A forensic analyst with the police is implicated in an elaborate R614 851 fraud scheme that involved alleged identity thefts and foreign exchange crimes.
Apiwe Qamungwana is accused of being the face of a scheme that allegedly defrauded the Custom Seal Components company. He allegedly pretended to be a salesperson for Blue Hill Mine in Zimbabwe and wanted rock drill bits to be supplied to the mine.
Custom Seal Components is in Roodepoort in west Johannesburg.
But Qamungwana, during his testimony last week in the Johannesburg specialised commercial crimes court sitting in Palmridge, said unknown fraudsters had duped him and used his identity document to take the ill-gotten money.
Qamungwana said he only found out about the fraud when he was in hospital being treated for depression and post-traumatic stress disorder, which he said was caused by the gruesome incidents, such as car accidents, that he had to deal with in his line of work. He has worked for the police since April 2016.
Graeme Duncan Cutler, the manager at Custom Seal Components, received a call in 2019 “from a person purporting to be Richman Banda” and claiming to be an employee of Blue Hill Mine, according to the charge sheet presented to the court by state advocate Bongani Chauke of the National Prosecuting Authority.
“The call was about a business proposal wherein Custom Seal Components was to supply rock drill bits to Blue Hill Mine. The requirements and specifications of the item [or] equipment to be supplied were sent to the complainant [Cutler] by Mr Banda,” the charge sheet reads. “The complainant could not find the supplier of the said products and relayed the said message to Mr Banda.”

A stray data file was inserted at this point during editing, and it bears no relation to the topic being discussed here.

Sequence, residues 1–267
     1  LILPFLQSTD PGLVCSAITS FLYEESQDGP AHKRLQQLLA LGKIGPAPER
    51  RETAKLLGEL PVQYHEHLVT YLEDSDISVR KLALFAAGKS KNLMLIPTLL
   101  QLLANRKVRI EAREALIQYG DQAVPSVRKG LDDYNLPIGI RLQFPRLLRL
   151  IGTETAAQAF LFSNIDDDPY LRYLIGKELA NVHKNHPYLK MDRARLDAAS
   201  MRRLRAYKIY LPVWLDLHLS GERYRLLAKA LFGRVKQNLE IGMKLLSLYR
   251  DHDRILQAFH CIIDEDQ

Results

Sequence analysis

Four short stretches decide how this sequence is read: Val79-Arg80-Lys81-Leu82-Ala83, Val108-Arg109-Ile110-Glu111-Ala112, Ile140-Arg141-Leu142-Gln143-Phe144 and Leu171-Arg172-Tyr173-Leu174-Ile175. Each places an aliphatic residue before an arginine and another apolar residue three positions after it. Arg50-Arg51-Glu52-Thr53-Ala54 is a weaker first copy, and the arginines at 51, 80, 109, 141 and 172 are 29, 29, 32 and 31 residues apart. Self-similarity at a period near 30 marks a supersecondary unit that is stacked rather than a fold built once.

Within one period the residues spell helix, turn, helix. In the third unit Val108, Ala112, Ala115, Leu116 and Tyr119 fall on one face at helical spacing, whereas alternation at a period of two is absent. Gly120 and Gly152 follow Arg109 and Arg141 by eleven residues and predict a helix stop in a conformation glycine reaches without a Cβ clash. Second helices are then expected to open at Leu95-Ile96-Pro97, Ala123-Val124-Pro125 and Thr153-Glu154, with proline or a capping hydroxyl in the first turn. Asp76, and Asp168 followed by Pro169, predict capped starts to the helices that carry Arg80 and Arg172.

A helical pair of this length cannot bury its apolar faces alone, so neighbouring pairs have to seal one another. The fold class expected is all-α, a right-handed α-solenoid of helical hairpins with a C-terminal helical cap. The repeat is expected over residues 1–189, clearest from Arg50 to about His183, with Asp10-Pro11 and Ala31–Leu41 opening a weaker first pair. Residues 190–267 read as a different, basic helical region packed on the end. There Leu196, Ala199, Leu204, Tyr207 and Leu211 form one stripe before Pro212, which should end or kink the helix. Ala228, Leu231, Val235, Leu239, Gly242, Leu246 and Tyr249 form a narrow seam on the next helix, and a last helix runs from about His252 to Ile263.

The prosecution said in its charge sheet that Qamungwana worked “in concert with a person or persons whose identity or identities is or are to the state unknown”.
Banda advised Cutler to contact two companies — SMD and Rockbits — to determine whether they could supply the required specifications, according to the charge sheet. Cutler apparently received an affirmative answer from SMD, which allegedly told him to deposit R614 851.59 into SMD’s FNB account and deposited the amount on 20 October 2019.
“The complainant then made a phone call to SMD to inquire as to the delivery dates, and various excuses were given until the telephone went unanswered. It’s not getting answered to date,” the charge sheet states.
It adds that the FNB account belonged to Sandile Mandla Dlamini, who also told investigators that “his profile was stolen and used to open the [FNB account] after he had lost his identity book”.
The charge sheet states that, in October 2019, the FNB account holder approached British Airways to purchase an air ticket and then went to Travelex Foreign Exchange at OR Tambo International Airport to exchange the currency.
“The transaction receipts from Travelex indicate that the accused [Qamungwana] is the person who received the amounts cashed at Travelex,” the charge states.
But Qamungwana told the court last week that after he graduated with a chemical engineering diploma in 2012, he had struggled to find work in the Eastern Cape and had moved to Ekurhuleni to live with his maternal uncle.
Qamungwana said he became a taxi driver and in 2014 met a man who had introduced himself as Ernest, a businessman who had financial troubles and was expecting a loan from his sister who lived in England.
Two years later Qamungwana joined the police and in 2019 his friend, Ernest, asked for the accused’s passport to help get the funds from Travelex.
Qamungwana testified that he had accompanied Ernest in October 2019. He said he had not seen the details of the card at Travelex, nor had he seen the names of the beneficiaries.
“I do not know Sandile Dlamini, nor have I ever opened an account with FNB. I do not know the complainant [Cutler], nor have I had dealings with him.
“I was [also] a victim. At the moment, I might lose my job,” Qamungwana testified.
He is out on bail and will return to court later in the year.